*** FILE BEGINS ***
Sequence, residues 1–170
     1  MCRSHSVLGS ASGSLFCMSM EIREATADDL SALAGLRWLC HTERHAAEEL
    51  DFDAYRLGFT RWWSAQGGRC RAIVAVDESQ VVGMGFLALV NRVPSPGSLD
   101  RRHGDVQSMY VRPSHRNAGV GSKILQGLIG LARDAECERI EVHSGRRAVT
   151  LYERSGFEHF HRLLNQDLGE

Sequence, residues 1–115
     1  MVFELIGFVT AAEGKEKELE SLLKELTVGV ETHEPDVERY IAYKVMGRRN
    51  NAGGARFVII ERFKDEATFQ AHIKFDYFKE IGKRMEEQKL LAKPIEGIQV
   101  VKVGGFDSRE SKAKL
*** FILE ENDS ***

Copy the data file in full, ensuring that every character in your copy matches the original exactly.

Sequence, residues 1–170
     1  MCRSHSVLGS ASGSLFCMSM EIREATADDL SALAGLRWLC HTERHAAEEL
    51  DFDAYRLGFT RWWSAQGGRC RAIVAVDESQ VVGMGFLALV NRVPSPGSLD
   101  RRHGDVQSMY VRPSHRNAGV GSKILQGLIG LARDAECERI EVHSGRRAVT
   151  LYERSGFEHF HRLLNQDLGE

Sequence, residues 1–115
     1  MVFELIGFVT AAEGKEKELE SLLKELTVGV ETHEPDVERY IAYKVMGRRN
    51  NAGGARFVII ERFKDEATFQ AHIKFDYFKE IGKRMEEQKL LAKPIEGIQV
   101  VKVGGFDSRE SKAKL